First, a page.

Animal Man. Who cares, right? Well, no one really did. That’s why he’d been virtually forgotten when DC revived him for his own ongoing. So why give such a character an ongoing? Well…
Comics legend Alan Moore had recently taken Swamp Thing from an irrelevant comic to an artistic and commercial smash. When he took over the title, Moore had been a British comics writer all but unknown in the United States. DC sought to repeat the experience, seeking out British writers to reinvigorate — or in some cases invigorate for the first time — more obscure DC characters. Neil Gaiman would be brought over as part of this effort, a move that brought comics his seminal The Sandman. Animal Man was the project given British comics writer Grant Morrison.
Morrison wrote later that he initially could only plan the first four issues. Forced to come up with a plan for an ongoing series, Morrison began to lay the groundwork for the remainder of his run. #5, “The Coyote Gospel,” featured a cartoon coyote (like Wile E. Coyote) named Crafty who enters our — or at least the DC Universe’s — reality only to be shot. In the story, the coyote hands Animal Man The Gospel According to Crafty — a text that tells of how Crafty tired of the endless violence and struck a deal with his (artistic) Creator to suffer in our world — or the DC Universe — in exchange for peace in his cartoon world. Crafty dies in the end, held by Animal Man, and the “camera” pulls back to show Crafty bloody on the road where it crosses, making him a Christ-figure; what’s more, we see the fingers and brush of Crafty’s Creator putting red blood over the image. Filled with Native American overtones of the coyote as trickster figure, and complete with a series of suggestive epilogues that hinted at the postmodern twists Morrison would later apply in the series, the issue stands as the first one that really feels like Morrison’s own.
Morrison soon had to incorporate the Invasion! crossover event into the title, though he did so with panache. DC placed Animal Man in the Justice League around the same time, though Morrison largely chose to ignore this fact in his comic, at least after Martian Manhunter’s worthwhile appearance that announced the transition for Animal Man readers. Morrison also used Mirror Master, a Flash villain, making the character someone to be feared for the first time; Mirror Master would reappear throughout Morrison’s run. Around the same time, a mysterious figure began appearing in the environs of the Baker household. Animal Man then met a series of DC’s animal-related characters, including Vixen and Dolphin as well as B’wana Beast, who had appeared in Morrison’s first four issues. Animal rights and environmentalism took greater stage, in no issue more than #15 — which smartly had Animal Man attempt to kill a mass killer of animals only to have, ironically, a dolphin save him, narrating “our way is different.” But it is the conclusion of Morrison’s run on Animal Man for which his work on the title — and the title itself — is justly famous.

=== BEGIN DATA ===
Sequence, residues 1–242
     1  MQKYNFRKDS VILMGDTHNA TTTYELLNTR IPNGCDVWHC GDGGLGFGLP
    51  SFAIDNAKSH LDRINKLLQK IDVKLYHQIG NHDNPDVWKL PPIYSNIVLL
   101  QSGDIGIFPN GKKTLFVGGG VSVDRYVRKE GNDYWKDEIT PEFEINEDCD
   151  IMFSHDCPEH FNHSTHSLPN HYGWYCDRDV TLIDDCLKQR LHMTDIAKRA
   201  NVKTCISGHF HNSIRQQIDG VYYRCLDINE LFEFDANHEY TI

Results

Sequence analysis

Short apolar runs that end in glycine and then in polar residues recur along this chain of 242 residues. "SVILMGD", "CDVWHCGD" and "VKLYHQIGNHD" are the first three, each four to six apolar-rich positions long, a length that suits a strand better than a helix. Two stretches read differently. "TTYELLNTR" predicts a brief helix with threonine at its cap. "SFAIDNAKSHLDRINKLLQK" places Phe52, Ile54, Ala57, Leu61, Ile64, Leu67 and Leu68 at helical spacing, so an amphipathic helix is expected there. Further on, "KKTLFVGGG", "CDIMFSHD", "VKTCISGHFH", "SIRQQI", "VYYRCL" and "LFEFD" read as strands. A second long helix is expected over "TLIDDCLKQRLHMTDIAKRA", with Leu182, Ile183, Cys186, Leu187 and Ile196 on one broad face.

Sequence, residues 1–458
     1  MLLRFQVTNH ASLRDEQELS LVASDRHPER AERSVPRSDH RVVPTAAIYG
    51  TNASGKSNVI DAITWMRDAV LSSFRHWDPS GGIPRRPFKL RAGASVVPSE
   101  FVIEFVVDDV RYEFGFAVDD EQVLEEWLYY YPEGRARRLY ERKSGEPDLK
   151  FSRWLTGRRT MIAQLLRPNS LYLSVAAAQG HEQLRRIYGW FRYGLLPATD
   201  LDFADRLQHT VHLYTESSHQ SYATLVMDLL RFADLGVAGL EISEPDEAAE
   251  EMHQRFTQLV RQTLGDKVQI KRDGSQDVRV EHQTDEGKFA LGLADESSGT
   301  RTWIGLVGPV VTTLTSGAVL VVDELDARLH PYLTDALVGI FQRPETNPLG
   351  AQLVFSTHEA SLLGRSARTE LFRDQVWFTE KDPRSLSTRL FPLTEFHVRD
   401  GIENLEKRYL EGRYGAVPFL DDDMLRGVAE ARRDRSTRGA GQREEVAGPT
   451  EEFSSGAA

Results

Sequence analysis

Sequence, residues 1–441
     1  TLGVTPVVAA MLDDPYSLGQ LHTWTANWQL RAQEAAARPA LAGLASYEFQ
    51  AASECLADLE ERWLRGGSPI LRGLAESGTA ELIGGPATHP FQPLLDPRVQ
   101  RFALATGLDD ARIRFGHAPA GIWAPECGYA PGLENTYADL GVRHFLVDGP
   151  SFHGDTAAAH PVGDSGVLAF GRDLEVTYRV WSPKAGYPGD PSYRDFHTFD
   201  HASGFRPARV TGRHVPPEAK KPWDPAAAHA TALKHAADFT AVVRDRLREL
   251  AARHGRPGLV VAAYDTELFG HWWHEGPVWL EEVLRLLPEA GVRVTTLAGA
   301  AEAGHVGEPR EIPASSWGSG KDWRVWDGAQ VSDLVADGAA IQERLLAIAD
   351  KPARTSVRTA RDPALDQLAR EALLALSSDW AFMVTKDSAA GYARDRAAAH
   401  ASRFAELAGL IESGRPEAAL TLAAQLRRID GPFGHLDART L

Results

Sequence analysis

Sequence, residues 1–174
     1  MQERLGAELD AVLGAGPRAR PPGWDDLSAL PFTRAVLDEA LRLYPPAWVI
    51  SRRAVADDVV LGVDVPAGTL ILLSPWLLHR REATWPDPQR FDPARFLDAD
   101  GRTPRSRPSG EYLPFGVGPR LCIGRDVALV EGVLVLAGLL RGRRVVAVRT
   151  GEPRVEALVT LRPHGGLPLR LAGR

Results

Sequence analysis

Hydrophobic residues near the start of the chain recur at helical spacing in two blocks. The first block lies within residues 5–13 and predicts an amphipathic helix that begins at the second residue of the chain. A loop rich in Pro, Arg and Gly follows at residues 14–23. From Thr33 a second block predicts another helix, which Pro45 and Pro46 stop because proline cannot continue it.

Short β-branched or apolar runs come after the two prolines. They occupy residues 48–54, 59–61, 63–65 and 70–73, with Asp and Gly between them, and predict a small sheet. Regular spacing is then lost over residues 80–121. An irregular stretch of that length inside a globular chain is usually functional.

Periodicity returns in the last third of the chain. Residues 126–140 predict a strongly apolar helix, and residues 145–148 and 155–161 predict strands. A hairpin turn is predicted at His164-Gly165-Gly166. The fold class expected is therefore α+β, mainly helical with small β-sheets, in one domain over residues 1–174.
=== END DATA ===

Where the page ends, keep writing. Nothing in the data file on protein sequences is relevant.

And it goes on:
In a series of peyote-induced hallucinations, including of the pre-Crisis version of Animal Man, followed. During the hallucinations, Buddy Baker looks up and out of the page at the reader — a breaking of the fourth wall. Writing off his experiences for the time being, he returns home to find his family dead. With Mirror Master, scorned by the fat cats who hired him, Animal Man proceeds to kill off those fat cats responsible for his family’s death. Animal Man, going mad, swindles a time machine from Rip Hunter — who half remembers meeting Animal Man before, a reference to their time together in the pre-Crisis team, The Forgotten Heroes. Travelling back in time to prevent his family’s death, Animal Man finds that he was the mysterious figure spotted lurking around his house and that he cannot affect the past but is torturously forced to watch it unfold again.